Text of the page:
Sunday, January 17, 2010

Letter from a Puddle-Town Cubicle

Dear US companies not observing Martin Luther King Jr. Day tomorrow,

While dreading tomorrow's confinement in a dull workplace cubicle, I came across the realization that I shouldn't have to bother dreading it since tomorrow is a national holiday. This prompts me to think of all the companies that are open tomorrow without needing to be, and to ask them a few gentle questions, namely, why do you despise black people? Why do you so openly pine for a return of segregation, if not de facto legalized lynching, if not an outright resumption of the enslavement of Africans? Why do you consider Martin Luther King Jr.'s story to be a blot on our national history?

I realize many of you are headquartered in one of the former Confederate states, where the wounds from The War of Northern Aggression shall never, as a matter of principle, heal -- and for any southerners reading this, I am completely, totally, and absolutely aware that that war had nothing to do with race and everything to do with "states' rights" and stuff -- but many of you are not headquartered in a Confederate state. Either way, what's the trouble?

I mean, have you ever listened to this and considered its context?

Tomorrow's arc may be long but it bends toward closure: the stock markets are closed. The banks are closed. Nearly all school districts are closed. Nearly all federal, state, county, and local government offices are closed, including the US Postal Service, so to whatever extent your business enterprise handles incoming and outgoing mail, that will be at a standstill tomorrow.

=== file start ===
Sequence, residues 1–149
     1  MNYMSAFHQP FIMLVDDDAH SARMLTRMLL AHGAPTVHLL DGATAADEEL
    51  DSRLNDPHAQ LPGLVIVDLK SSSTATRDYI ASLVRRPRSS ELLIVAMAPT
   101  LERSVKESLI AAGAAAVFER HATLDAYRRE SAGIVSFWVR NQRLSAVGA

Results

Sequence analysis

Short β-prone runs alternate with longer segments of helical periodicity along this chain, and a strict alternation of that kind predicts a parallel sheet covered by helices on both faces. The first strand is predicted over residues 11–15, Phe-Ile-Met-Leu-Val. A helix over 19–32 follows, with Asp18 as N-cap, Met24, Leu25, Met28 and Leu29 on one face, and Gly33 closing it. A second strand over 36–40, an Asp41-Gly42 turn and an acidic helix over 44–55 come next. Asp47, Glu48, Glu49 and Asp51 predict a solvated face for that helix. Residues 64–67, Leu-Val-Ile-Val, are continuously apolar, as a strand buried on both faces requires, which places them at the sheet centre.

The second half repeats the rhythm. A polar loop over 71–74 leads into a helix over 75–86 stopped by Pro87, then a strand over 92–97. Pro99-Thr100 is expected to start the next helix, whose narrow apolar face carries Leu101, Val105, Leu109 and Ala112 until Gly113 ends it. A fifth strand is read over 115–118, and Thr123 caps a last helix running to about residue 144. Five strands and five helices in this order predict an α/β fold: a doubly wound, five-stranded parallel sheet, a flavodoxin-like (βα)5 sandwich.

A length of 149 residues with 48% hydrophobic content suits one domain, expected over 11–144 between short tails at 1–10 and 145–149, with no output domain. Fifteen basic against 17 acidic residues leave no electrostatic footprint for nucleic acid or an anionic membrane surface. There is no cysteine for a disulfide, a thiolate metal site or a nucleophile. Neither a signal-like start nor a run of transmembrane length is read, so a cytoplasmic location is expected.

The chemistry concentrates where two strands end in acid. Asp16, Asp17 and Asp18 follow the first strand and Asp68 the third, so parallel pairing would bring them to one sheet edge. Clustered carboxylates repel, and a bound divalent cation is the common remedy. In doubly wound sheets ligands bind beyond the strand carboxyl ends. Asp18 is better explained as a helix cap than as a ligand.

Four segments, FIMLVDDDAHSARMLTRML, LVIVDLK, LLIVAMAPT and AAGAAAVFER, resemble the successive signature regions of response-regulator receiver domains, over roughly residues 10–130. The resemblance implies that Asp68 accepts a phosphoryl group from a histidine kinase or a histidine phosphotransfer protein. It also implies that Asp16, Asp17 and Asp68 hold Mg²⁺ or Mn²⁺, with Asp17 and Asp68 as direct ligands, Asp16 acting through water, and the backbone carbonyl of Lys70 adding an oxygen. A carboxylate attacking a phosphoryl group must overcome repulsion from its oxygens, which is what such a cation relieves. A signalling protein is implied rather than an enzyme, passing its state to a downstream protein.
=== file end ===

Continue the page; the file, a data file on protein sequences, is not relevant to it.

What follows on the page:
I recognize that some business operations must go on regardless of holidays -- the guys watching over nuclear reactors, police, fire fighters, hospitals, and plenty more. Other companies have no particular reason to conduct business as usual tomorrow, but they will open anyway, and it is these I address when I ask: why? What's the fierce urgency?

To paraphrase a wise and rightly-revered figure of American history, if I have said anything in this letter that overstates the truth and indicates an unreasonable impatience, I beg you to forget about me and ask yourself why you hate black people so much and whether it's long past time to re-think that. If I have said anything that understates the truth and indicates my having a patience that allows me to settle for anything less than doing the right thing, I apologize to my six readers, who expect nothing less than maximum impatience and intemperance.

It's true I want the day off, and it's also true that what I want doesn't matter much. If your business is open tomorrow without needing to be, look no further for the blot -- the blot is you.

Yours for the cause of peace and brotherhood,


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